# Non-linear recharge models#

*R.A. Collenteur, University of Graz*

This notebook explains the use of the `RechargeModel`

stress model to simulate the combined effect of precipitation and potential evaporation on the groundwater levels. For the computation of the groundwater recharge, four recharge models are currently available:

`Berendrecht`

(Berendrecht et al., 2006)`FlexModel`

(Collenteur et al., 2021)`Peterson`

(Peterson & Western, 2014)

The first model is a simple linear function of precipitation and potential evaporation while the latter two are simulate a non-linear response of recharge to precipitation using a soil-water balance concepts. Detailed descriptions of these models can be found in articles listed in the References at the end of this notebook.

```
[1]:
```

```
import pandas as pd
import pastas as ps
import matplotlib.pyplot as plt
ps.show_versions()
ps.set_log_level("INFO")
```

```
Python version: 3.10.12
NumPy version: 1.23.5
Pandas version: 2.0.3
SciPy version: 1.11.1
Matplotlib version: 3.7.2
Numba version: 0.57.1
LMfit version: 1.2.2
Latexify version: Not Installed
Pastas version: 1.1.0
```

## Read Input data#

Input data handling is similar to other stressmodels. The only thing that is necessary to check is that the precipitation and evaporation are provided in mm/day. This is necessary because the parameters for the non-linear recharge models are defined in mm for the length unit and days for the time unit. It is possible to use other units, but this would require manually setting the initial values and parameter boundaries for the recharge models.

```
[2]:
```

```
head = pd.read_csv(
"data/B32C0639001.csv", parse_dates=["date"], index_col="date"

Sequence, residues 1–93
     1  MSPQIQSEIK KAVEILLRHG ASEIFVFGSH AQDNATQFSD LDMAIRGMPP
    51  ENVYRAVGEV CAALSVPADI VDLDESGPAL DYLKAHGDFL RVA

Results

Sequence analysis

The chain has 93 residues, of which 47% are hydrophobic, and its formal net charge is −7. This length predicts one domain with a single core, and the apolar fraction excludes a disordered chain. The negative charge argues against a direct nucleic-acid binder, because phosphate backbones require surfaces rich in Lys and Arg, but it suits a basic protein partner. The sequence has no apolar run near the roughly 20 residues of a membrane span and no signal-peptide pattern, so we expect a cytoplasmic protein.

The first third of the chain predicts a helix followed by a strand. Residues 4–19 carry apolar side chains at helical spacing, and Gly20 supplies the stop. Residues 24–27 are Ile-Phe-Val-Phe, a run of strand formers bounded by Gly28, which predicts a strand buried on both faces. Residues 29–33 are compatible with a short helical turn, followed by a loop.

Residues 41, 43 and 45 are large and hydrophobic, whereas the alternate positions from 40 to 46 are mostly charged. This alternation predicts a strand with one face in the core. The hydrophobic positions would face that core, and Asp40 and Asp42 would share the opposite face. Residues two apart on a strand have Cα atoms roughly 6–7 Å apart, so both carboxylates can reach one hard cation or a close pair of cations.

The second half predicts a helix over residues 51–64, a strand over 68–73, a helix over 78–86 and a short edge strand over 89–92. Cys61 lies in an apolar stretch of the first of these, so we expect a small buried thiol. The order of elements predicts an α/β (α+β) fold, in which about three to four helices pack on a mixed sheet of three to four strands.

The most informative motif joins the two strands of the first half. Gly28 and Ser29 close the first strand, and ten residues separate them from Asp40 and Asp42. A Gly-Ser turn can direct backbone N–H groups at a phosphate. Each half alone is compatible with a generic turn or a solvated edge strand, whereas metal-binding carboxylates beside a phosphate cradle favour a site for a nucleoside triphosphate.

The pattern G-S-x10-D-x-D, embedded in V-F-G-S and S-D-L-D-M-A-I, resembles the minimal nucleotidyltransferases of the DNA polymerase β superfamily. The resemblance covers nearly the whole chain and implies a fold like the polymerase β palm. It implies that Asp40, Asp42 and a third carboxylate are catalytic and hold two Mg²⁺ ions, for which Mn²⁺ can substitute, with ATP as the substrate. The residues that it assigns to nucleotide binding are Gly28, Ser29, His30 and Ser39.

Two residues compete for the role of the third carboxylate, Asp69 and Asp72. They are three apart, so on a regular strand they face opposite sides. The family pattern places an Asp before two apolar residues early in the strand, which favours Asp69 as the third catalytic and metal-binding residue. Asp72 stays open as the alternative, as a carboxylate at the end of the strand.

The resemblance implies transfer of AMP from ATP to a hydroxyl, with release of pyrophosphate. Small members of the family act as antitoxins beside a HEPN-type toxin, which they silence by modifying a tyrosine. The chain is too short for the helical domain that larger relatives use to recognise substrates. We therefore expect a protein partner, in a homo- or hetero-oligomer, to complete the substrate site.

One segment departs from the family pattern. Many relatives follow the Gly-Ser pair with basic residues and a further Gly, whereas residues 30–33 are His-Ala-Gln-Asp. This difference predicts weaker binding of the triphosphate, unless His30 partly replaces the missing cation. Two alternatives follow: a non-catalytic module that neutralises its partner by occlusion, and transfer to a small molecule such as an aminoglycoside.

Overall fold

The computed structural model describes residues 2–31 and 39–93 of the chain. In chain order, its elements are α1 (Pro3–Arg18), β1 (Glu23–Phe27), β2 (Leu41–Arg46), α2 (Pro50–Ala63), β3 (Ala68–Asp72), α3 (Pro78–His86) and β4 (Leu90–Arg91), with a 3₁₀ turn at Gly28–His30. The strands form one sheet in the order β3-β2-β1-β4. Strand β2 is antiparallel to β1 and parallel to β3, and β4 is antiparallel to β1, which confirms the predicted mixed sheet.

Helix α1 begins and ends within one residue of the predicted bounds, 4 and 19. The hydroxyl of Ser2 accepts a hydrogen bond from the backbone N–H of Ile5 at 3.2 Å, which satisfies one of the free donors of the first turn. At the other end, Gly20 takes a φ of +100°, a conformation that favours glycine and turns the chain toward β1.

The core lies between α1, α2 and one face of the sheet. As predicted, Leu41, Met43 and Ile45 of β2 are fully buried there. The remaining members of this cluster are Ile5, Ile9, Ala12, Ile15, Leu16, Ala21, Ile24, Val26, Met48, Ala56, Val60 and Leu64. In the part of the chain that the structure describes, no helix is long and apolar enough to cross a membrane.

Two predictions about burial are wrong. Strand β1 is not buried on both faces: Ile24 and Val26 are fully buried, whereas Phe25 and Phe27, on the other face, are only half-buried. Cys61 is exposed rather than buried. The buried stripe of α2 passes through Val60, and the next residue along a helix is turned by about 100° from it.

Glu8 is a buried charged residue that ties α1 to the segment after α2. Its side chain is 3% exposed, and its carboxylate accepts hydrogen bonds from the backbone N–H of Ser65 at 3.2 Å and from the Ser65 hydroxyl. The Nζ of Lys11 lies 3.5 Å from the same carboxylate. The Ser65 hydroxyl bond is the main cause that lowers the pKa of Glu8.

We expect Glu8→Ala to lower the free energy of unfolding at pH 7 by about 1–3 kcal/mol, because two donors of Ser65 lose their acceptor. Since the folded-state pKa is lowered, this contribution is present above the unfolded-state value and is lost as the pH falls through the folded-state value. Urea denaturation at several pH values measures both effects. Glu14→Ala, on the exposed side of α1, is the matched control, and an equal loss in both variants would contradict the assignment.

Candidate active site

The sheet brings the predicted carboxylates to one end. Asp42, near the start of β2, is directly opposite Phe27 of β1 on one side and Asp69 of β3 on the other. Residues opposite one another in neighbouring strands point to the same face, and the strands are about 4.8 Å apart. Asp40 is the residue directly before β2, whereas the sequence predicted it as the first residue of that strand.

).squeeze()
# Make this millimeters per day
evap = pd.read_csv("data/evap_260.csv", index_col=0, parse_dates=[0]).squeeze()
rain = pd.read_csv("data/rain_260.csv", index_col=0, parse_dates=[0]).squeeze()
ps.plots.series(
head,
[evap, rain],
figsize=(10, 6),
labels=["Head [m]", "Evap [mm/d]", "Rain [mm/d]"],
);
```

## Make a basic model#

The normal workflow may be used to create and calibrate the model. 1. Create a Pastas `Model`

instance 2. Choose a recharge model. All recharge models can be accessed through the recharge subpackage (`ps.rch`

). 3. Create a `RechargeModel`

object and add it to the model 4. Solve and visualize the model

```
[3]:
```

```
ml = ps.Model(head)
# Select a recharge model
rch = ps.rch.FlexModel(gw_uptake=True)
# rch = ps.rch.Berendrecht()
# rch = ps.rch.Linear()
# rch = ps.rch.Peterson()
rm = ps.RechargeModel(rain, evap, recharge=rch, rfunc=ps.Gamma(), name="rch")
ml.add_stressmodel(rm)
ml.solve(noise=True, tmin="1990", report="basic")
ml.plots.results(figsize=(10, 6));
```

```
Fit report head Fit Statistics
===================================================
nfev 46 EVP 90.32
nobs 351 R2 0.90
noise True RMSE 0.06
tmin 1990-01-01 00:00:00 AIC -2071.69
tmax 2005-10-14 00:00:00 BIC -2036.94
freq D Obj 0.46
warmup 3650 days 00:00:00 ___
solver LeastSquares Interp. No
Parameters (9 optimized)
===================================================
optimal stderr initial vary
rch_A 0.408502 ±5.87% 0.438424 True
rch_n 0.650443 ±3.07% 1.000000 True